Clarios Plans Improved Lead-Acid Batteries for EVs
Customized systems can provide more benefits
Clarios, the world’s largest supplier of lead-acid starter batteries for conventionally powered cars, also sees big opportunities for full-electric vehicles.
That’s because EVs still require 12-volt lead-acid units to help start the primary high-voltage lithium-ion battery and power auxiliary components.
Currently, off-the-shelf 12-volt batteries are used for such applications. But that’s likely to change with next-generation EVs.
“There’s a lot more thought going into the overall electrical system now,” notes Craig Rigby, Clarios’ vice president of technology. He says the trend is toward customized systems to better optimize performance capabilities and packaging flexibility as well as enhance safety safeguards.
One likely change, Rigby says, will be a greater focus on power capabilities rather than capacity. The former (measured in kilowatts) is the maximum amount of electricity that can be output at a single time, while usable capacity (kilowatt-hours) is the amount of electricity stored on a full charge.
This is expected to result in smaller 12-volt units with reconfigured internal components, Rigby notes.
AGM vs. Flooded
The EV 12-volt market is split between absorbent glass mat (AGM) and enhanced flooded (EF) systems, usually mirroring what the base piston-powered vehicle uses. AGM is considered a more robust system that lends itself to automatic stop-start systems, while EF systems are designed for an extended life and with a larger number of charging cycles.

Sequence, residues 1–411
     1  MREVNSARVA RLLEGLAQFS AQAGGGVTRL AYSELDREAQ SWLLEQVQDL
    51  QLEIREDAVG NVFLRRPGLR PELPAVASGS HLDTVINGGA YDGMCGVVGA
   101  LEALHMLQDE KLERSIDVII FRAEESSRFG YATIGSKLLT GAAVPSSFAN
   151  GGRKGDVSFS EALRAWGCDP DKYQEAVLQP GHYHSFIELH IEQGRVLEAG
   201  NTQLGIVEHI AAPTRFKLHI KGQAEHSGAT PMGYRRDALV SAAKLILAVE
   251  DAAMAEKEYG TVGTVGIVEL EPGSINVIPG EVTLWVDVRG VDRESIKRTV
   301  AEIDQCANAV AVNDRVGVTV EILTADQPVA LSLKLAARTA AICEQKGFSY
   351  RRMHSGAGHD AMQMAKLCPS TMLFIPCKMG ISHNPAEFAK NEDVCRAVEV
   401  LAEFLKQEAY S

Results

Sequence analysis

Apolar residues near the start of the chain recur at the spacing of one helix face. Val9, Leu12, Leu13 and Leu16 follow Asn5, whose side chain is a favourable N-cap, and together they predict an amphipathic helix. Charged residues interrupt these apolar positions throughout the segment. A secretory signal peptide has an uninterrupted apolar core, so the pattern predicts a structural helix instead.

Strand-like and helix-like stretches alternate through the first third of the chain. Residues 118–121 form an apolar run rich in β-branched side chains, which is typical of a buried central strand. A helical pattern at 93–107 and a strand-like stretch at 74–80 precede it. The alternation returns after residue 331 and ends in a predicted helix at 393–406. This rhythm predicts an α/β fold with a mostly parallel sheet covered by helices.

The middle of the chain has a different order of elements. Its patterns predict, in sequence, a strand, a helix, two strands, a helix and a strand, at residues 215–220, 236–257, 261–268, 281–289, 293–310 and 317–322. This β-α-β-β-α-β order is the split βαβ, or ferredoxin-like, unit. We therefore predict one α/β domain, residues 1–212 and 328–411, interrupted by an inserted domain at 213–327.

Clarios provides both types of batteries. But Rigby says AGM devices have more potential for EVs, citing greater packaging flexibility and reliability benefits.
While an AGM can be packaged virtually anywhere in a vehicle, EF batteries are more limited because they emit hydrogen gas.
Some carmakers have placed in the front (front trunk), but Rigby says this limits storage space. Due to serviceability requirements, he also doesn’t expect 12-volt batteries to be packaged with their lithium-ion counterparts in new skateboard-style EV platforms.
“The industry still is sorting out the best position,” he notes.
AGM batteries also are better suited to take over and provide temporary backup power if there is a failure in the lithium-ion battery. Flooded batteries are more prone to become unstable over time due to stratification issues caused by the free flow of acid.
Rigby says there also will be a greater emphasis on fault mitigation strategies and monitoring battery health in future EVs. “What’s been a passive device, now is becoming much more integrated and dynamic.”
Clarios also has a 2-year-old partnership with Toshiba to produce dual-battery systems. The 12-volt architecture teams a Clarios lead-acid unit with a Toshiba lithium-ion battery, which the partners say can provide some of the benefits of a 48-volt mild-hybrid system—such as stop-start and regenerative braking—but with less complexity and at a “significantly” lower cost.
The first production application is due next year.
Clarios provides about one-third of the batteries used in new vehicles and to the replacement market. The latter accounts for 75% of the supplier’s business.
The company, which was divested from Johnson Controls last year, aims to increase its annual battery production from about 150 million units to more than 200 million in the coming years.
“Lead-acid batteries are simple, reliable and are easily recyclable,” Rigby asserts. “But we still need to continue to evolve how we design and produce them for future vehicles.”
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